This was something Arshi Khan, 24, faced. She was clueless after her father, who guided her, passed away. After talking to a few friends, she decided to do what most were doing: engineering.
“After a year, I realised this was not what I wanted to do, and dropped out of engineering. But then I saw the problem wasn’t unique to me. There were many who chose a wrong career path or just didn’t know what they could do,” Arshi says
The platform has three stages : choice feeling with an expert , where a student gets step by step guidance of different career path and choices . Arshi explains the councelling depends on the grades of the students , interests and aptitude.
The startup also analyses the student’s profile and helps them work on an assessment. Based on this, the platform helps the student decide on a career path and the right college for the same.
The team has also launched a YouTube channel StudentKhabri, which offers various awareness creation videos.
While Arshi had the idea in place, starting up came with different challenges: building the team, getting tech support, and financial assistance.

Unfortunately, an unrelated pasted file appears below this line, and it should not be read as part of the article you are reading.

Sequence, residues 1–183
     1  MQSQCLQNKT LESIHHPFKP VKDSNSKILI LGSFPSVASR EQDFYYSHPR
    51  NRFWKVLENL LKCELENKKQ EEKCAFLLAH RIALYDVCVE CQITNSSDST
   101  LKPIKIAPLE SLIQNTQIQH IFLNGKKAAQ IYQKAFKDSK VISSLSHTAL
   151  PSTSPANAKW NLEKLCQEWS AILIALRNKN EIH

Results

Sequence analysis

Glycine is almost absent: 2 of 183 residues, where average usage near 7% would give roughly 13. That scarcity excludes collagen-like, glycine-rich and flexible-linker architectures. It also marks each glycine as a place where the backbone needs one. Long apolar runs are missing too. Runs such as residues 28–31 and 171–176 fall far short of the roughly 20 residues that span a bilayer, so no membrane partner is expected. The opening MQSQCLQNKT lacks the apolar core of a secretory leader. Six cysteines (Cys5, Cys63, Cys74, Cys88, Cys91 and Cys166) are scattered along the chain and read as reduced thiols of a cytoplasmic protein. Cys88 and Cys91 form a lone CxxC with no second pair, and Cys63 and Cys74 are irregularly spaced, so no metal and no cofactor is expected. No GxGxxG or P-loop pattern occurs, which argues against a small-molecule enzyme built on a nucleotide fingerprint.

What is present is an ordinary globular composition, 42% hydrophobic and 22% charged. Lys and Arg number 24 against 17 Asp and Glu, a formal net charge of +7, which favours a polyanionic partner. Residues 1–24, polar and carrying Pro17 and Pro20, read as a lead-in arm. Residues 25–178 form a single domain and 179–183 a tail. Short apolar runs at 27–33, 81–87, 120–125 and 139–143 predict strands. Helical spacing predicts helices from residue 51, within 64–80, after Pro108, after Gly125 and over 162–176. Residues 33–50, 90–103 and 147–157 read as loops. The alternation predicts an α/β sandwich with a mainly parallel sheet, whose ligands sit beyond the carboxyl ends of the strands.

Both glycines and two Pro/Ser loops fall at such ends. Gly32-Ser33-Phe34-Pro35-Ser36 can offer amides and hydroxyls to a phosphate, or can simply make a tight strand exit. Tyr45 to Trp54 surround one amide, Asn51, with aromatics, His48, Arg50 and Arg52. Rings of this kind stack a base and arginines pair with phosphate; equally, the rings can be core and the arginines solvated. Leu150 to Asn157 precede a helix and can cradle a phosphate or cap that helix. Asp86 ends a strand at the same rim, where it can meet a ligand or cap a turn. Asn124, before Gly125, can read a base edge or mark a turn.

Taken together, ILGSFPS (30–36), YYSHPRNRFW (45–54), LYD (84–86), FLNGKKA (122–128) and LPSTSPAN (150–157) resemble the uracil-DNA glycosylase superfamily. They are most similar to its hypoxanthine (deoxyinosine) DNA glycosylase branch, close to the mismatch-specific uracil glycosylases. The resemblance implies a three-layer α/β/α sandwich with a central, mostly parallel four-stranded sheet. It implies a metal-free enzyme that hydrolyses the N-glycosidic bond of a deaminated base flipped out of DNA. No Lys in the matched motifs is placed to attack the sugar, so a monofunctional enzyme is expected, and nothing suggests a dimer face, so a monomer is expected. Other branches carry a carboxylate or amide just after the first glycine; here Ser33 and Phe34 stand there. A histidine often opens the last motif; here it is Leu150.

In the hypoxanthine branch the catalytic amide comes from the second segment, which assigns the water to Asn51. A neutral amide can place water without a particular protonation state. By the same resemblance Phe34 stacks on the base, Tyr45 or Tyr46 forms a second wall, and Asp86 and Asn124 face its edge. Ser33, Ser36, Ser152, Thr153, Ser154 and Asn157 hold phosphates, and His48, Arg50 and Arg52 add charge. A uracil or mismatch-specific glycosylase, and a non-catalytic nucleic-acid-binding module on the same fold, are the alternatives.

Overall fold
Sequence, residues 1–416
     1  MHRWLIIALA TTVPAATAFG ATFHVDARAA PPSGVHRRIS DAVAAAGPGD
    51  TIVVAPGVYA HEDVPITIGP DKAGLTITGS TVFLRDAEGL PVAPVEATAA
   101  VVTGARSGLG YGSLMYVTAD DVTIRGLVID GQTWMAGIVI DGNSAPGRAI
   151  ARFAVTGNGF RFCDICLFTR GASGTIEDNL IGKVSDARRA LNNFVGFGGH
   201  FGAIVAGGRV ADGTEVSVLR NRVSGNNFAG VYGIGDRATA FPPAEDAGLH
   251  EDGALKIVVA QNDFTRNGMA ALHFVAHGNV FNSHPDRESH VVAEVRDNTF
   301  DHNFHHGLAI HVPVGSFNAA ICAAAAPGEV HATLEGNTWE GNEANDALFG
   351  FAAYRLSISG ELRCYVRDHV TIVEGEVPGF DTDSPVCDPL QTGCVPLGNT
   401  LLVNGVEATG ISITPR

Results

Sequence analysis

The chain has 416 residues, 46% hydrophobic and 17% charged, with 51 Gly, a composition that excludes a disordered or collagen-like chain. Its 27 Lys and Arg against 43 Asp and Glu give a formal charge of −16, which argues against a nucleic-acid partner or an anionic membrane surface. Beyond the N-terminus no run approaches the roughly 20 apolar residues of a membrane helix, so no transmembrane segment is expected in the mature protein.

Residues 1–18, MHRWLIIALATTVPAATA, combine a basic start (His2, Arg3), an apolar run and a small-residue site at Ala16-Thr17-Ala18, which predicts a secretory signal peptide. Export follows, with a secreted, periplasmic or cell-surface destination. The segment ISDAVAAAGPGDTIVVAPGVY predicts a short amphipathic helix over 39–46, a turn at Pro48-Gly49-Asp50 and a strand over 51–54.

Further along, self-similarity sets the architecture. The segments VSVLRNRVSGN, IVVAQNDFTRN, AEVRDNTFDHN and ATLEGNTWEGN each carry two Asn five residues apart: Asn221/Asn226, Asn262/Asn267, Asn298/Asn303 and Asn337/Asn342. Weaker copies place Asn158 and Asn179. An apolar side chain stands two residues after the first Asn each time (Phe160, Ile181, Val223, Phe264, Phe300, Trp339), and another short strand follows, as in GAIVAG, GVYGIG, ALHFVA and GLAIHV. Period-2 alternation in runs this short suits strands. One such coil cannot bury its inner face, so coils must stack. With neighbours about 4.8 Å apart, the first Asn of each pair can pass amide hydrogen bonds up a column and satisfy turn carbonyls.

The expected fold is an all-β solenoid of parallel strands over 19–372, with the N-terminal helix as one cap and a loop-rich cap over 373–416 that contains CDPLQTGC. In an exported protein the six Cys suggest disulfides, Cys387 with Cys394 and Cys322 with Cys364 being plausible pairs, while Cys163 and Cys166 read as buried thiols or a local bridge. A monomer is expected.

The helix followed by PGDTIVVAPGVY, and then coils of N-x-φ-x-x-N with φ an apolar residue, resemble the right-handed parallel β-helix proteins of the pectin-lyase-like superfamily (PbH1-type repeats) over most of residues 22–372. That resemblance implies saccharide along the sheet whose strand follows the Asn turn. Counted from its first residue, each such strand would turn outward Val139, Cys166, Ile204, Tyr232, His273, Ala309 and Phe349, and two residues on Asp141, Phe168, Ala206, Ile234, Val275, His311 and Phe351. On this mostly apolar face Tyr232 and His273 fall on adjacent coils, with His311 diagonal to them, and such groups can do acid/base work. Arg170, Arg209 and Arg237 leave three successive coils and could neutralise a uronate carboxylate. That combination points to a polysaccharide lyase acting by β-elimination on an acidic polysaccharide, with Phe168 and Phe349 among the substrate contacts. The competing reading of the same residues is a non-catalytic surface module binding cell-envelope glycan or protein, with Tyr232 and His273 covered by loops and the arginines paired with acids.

She started by hiring college interns. Tech, however, remained a challenge, and Arshi, while she did take the help of college students, knew that she needed a strong tech head. She met Avinash Seth at an event, and the AWS-certified professional corporate trainer joined her as CTO.
She soon roped in Rothar Jelis, who was running a career counselling business. CollegeKhabri is now a team of 20.
The team charges students between Rs 1,000 and Rs 10,000 as counselling fees. Arshi explains this varies, based on the students’ counselling needs and requirements. It depends on their grades and performance, and where the counsellor deems the student’s aptitude, she adds.
“In three months, close to 19,000 students approached us. Of these, 1,700 signed up for our counselling services. We already have over 10,000-plus queries related to admission in UG courses,” Arshi says.
CollegeKhabri, which was bootstrapped with an initial investment of Rs 25,000, made revenue of Rs 30 lakh in three months, claims the founder.
Each year, over 13 million youngsters in India look to join the workforce. Of these, barely 10 percent are employable, says a report by WeForum. It is to solve this problem that startups like iDreamCareer, which raised an undisclosed Pre-Series A funding from US-based education and skilling sector focussed impact investor Gray Matters Capital, and others like Kozhikode-based vLead were born.